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To gain an overview of the history and development of right heart catheterisation.
To learn how to perform a right heart study tailored to answer a specific clinical question.
To gain a better understanding of the role of right heart catheterisation as a diagnostic tool in specific conditions, including pulmonary hypertension, valvular heart disease and differentiating between constrictive pericarditis and restrictive cardiomyopathy.
Significant improvements in the diagnostic power and availability of non-invasive cardiac imaging techniques, in addition to evidence of potential harm associated with pulmonary artery (PA) catheterisation in patients in critical care, have led to a decline in right heart catheterisation (RHC) over recent years.1 RHC, however, remains an important tool in a cardiologist's diagnostic armoury, providing direct haemodynamic data that can be used to determine cardiac output (CO), evaluate intracardiac shunts and valve dysfunction. It is the gold standard method for diagnosing pulmonary hypertension (PH) and an essential component in the evaluation of patients prior to heart and/or lung transplantation.2 ,3 RHC can be also used to assess the haemodynamic effects of treatments directly and provides an entry route for intracardiac biopsy. The European Society of Cardiology (ESC) core curriculum 2013 states that trainees should possess the skills to ‘carry out right heart catheterization in the catheterization laboratory and at the bedside, and measure cardiac output, intravascular pressure, and oxygen saturation’.4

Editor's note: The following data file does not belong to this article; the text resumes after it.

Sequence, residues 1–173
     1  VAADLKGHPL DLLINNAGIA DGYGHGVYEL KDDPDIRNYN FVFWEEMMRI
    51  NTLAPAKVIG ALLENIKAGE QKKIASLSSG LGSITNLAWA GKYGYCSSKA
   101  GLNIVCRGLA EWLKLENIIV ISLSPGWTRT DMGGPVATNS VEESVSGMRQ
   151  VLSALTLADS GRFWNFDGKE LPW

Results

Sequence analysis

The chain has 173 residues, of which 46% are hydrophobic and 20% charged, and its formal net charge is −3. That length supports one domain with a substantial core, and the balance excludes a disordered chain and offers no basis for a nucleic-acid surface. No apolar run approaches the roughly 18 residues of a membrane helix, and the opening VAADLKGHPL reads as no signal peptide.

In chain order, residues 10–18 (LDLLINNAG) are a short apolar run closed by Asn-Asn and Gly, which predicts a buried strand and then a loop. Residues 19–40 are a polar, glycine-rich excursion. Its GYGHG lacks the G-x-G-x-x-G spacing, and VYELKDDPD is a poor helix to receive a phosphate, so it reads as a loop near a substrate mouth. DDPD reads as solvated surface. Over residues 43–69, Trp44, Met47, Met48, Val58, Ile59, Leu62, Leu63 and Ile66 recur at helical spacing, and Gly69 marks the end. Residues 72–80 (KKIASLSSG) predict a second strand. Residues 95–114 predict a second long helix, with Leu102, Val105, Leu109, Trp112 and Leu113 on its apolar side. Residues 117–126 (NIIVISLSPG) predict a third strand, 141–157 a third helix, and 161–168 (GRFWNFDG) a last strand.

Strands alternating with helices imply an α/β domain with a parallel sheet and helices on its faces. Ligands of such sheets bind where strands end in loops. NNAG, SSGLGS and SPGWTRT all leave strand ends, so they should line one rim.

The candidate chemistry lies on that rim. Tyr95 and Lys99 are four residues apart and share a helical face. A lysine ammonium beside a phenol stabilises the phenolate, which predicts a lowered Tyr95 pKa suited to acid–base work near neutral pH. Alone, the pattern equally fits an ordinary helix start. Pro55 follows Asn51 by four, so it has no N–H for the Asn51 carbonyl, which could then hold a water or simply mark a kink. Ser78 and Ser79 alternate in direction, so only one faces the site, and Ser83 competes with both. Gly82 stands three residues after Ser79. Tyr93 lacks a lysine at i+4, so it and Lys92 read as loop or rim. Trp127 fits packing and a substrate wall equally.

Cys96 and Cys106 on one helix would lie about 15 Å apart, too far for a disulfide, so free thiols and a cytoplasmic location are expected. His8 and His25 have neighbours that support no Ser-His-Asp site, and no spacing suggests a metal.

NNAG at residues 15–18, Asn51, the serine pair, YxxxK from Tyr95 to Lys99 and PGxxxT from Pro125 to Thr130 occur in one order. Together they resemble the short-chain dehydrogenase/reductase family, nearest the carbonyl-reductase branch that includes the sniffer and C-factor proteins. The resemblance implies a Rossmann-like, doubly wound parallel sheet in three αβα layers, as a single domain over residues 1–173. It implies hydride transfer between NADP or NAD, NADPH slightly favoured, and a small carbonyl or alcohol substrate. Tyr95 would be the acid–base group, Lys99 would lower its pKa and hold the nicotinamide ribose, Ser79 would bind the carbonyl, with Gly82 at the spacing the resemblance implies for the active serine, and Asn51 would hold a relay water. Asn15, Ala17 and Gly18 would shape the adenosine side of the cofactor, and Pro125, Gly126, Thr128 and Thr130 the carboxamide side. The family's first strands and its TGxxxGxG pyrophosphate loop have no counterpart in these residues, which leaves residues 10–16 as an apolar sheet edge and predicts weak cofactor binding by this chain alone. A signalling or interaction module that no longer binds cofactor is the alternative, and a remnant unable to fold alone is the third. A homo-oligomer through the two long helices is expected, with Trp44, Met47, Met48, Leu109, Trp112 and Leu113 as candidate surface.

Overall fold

This article covers the history of RHC, how to perform a complete right heart study and a review of its current place as a diagnostic tool in a range of cardiovascular disorders.
The first reported RHC was performed on a horse by the physiologist Claude Bernard in 1844.5 Glass tubes were inserted via the jugular vein and carotid artery in order to measure the temperature in both ventricles. Bernard et al subsequently …
Competing interests None declared.
Provenance and peer review Commissioned; externally peer reviewed.